“It con­firmed in me that they are re­ally do­ing an in­cred­i­ble job, be­cause if I'm go­ing to do­nate to some­thing, I want to know that it's get­ting to where it's sup­posed to go,” Marion said. “I want to know that it's hav­ing an im­pact and all those ques­tions were an­swered a hun­dred­fold for me and so it has spurred me on per­son­ally to want to give more, to do what­ever I can to help, be­cause I can see that they're do­ing an in­cred­i­ble job and the food re­ally does get there and it makes a huge dif­fer­ence. We think it's al­most noth­ing that we give in Canada, be­cause com­pared to our econ­omy it isn't re­ally a whole lot, but it has such a huge im­pact.”

Both were im­pressed with the or­phan and vul­ner­a­ble chil­dren’s pro­ject in Ethiopia, which is dif­fer­ent from a typ­i­cal Food­grains Bank pro­ject and is done in part­ner­ship with the or­ga­ni­za­tion Food for the Hun­gry.

It's just amaz­ing to see what a dif­fer­ence a lit­tle bit of sup­port from Canada can make in the lives of those chil­dren who are des­ti­tute,” she said. “With­out help their lives are go­ing to be noth­ing, they will not have op­por­tu­nity for ed­u­ca­tion or to fur­ther them­selves and so that's where I think my heart was so stolen in that pro­ject is that it had such a huge im­pact in the chil­dren’s lives.”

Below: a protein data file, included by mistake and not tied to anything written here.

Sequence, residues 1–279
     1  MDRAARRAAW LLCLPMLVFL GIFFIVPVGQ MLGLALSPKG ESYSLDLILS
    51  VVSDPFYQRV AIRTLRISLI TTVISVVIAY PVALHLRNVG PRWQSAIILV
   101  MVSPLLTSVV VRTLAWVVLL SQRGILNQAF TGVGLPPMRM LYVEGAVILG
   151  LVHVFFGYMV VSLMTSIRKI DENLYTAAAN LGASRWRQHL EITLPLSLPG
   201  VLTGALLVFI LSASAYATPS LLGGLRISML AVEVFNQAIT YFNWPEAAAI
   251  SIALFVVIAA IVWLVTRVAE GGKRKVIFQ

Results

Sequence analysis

Randy was im­pressed that grad­u­ates from this pro­gram, who are now adults and em­ployed, are giv­ing back and even spon­sor­ing chil­dren in the pro­gram.

“They're go­ing to help to sus­tain it as well,” he said. “I think that's maybe the vi­sion that some of these kids that came out of poverty and now have a ca­reer will drive some of this.”

The Food­grains Bank is in­volved in projects to pro­mote con­ser­va­tion agri­cul­ture as a way to cre­ate long-term food se­cu­rity for peo­ple. Ethiopia has a dry cli­mate and the fo­cus of the pro­gram is on zero tillage and to get lo­cal farm­ers to use mulch cover to re­duce soil evap­o­ra­tion rates.

“It's ab­so­lutely es­sen­tial that peo­ple im­prove their agri­cul­tural prac­tices,” he said. “I've seen what it did on my farm when we went to zero till. It just keeps build­ing and build­ing and gets bet­ter ev­ery year. The ben­e­fits will be even more dra­matic there be­cause of the cli­mate. They could very quickly dou­ble the amount of food they're able to grow.”

Rick Block, the Food­grains Bank re­gional rep­re­sen­ta­tive for Saskatchew­an, speaks at the re­gional fall ban­quet, Nov. 20.

Randy and Marion Aus­mus shared their ex­pe­ri­ences from a 2015 trip to Ethiopia with the au­di­ence at the re­gional fall ban­quet, Nov. 20.

Pho­tos by Matthew Lieben­berg

The re­gional fall ban­quet in Swift Cur­rent brought to­gether Food­grains Bank sup­port­ers from across south­west Saskatchew­an.